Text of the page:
The New York Department of Financial Services will use a recently acquired grant to analyze the administration systems of insurers and health maintenance organizations for cost efficiency.
The department said it will conduct on-site audits of health insurers and HMOs selling health insurance plans regulated by the state with the help of a private accounting firm.
The audits will review selected rate requests that already were filed. Data regarding claims, insurer administrative expenses, premiums and claims reserves will be examined, the department reported.
Insurers will not know beforehand whether their proposals will be the subject of an audit.
“At a time when spiraling health insurance costs are an incredible burden for working people, it is essential that we ensure that rate requests are based on fair, accurate information that has not been manipulated,” said Benjamin M. Lawsky, superintendent of financial services, in a statement. “These in-depth audits will allow us to drill down underneath the numbers to make sure they are accurate. For example, we can look at whether insurers are accurately allocating administrative costs and broker commissions.”
The audits are funded by a $4.4 million grant awarded by the U.S. Department of Health and Human Services (HHS) in September 2011. The grant is one of several issued to enhance premium rate review, improve public access and lend more transparency to the processes used to establish health insurance premiums, part of the Obama Administration’s use of the powers granted in the Patient Protection and Affordable Care Act.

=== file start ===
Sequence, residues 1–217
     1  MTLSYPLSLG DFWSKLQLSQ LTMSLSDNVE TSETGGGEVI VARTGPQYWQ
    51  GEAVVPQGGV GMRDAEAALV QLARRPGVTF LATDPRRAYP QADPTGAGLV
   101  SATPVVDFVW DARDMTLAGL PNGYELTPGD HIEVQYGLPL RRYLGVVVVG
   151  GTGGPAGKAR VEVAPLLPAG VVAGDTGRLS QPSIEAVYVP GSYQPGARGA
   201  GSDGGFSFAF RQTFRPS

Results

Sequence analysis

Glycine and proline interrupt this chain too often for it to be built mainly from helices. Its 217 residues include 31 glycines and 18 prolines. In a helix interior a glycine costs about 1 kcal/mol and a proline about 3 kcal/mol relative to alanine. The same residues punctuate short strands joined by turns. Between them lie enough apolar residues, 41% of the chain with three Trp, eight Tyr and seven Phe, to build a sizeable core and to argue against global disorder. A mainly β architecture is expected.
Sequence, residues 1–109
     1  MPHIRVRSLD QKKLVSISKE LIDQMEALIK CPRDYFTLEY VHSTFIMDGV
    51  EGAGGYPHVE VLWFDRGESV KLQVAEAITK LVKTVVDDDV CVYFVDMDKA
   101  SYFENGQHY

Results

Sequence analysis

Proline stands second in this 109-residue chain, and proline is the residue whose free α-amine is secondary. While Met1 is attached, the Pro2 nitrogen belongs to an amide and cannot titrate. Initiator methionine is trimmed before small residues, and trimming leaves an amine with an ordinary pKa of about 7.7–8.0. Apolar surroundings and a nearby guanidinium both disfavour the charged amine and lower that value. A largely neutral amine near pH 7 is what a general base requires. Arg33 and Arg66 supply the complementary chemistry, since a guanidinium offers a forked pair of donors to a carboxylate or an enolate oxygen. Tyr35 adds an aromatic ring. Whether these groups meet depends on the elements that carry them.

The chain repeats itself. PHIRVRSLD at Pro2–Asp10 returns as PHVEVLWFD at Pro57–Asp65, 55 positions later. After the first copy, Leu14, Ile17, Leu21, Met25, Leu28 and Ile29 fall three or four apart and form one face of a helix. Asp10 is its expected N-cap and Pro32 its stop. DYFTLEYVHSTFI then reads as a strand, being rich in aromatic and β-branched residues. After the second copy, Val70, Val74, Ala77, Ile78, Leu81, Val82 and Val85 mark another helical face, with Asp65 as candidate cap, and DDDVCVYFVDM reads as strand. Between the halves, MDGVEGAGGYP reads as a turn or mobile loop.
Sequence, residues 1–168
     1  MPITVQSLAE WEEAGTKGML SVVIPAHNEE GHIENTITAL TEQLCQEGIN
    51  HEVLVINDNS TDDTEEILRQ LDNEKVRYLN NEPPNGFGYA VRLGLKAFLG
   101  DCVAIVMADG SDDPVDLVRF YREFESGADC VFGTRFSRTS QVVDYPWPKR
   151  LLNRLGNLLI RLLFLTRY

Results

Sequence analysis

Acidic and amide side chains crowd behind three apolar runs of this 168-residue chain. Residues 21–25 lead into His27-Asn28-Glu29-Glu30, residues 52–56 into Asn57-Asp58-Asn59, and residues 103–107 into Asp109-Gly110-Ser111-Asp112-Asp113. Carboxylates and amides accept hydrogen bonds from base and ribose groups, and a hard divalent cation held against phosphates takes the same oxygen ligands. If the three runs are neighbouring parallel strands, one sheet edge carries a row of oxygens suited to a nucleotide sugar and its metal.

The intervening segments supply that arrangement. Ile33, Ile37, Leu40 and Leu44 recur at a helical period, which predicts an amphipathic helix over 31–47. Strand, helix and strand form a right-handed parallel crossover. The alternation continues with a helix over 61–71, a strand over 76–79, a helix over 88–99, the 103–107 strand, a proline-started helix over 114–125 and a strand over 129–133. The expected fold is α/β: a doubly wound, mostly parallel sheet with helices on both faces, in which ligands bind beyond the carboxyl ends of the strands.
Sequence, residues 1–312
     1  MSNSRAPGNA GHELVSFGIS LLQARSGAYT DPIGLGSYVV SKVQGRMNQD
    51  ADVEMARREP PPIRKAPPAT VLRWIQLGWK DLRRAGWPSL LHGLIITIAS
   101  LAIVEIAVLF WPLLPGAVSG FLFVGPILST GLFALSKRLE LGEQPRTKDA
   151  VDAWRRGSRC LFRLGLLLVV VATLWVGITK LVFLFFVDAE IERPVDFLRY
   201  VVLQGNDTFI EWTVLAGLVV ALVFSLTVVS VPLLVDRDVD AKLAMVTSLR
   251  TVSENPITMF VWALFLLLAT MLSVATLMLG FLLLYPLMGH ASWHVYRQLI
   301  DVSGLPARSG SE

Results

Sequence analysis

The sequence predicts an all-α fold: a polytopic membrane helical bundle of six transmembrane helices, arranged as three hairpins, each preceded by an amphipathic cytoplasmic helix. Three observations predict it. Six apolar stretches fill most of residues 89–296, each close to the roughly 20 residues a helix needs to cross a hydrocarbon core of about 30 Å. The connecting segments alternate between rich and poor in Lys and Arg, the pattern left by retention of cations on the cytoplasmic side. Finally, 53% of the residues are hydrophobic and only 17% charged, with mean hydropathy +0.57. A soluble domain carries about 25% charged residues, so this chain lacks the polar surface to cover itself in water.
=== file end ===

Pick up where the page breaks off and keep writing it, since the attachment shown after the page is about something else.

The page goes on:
Under a new law, health insurers must submit their proposals to increase their premiums to the department to be approved, reduced or rejected in 60 days.
For contracts which started on or after Jan. 1, health insurers requested weighted average increases of 12.7%, but the department granted increases of 8.2%. The lower increase will save consumers more than $400 million in 2012, the department reported.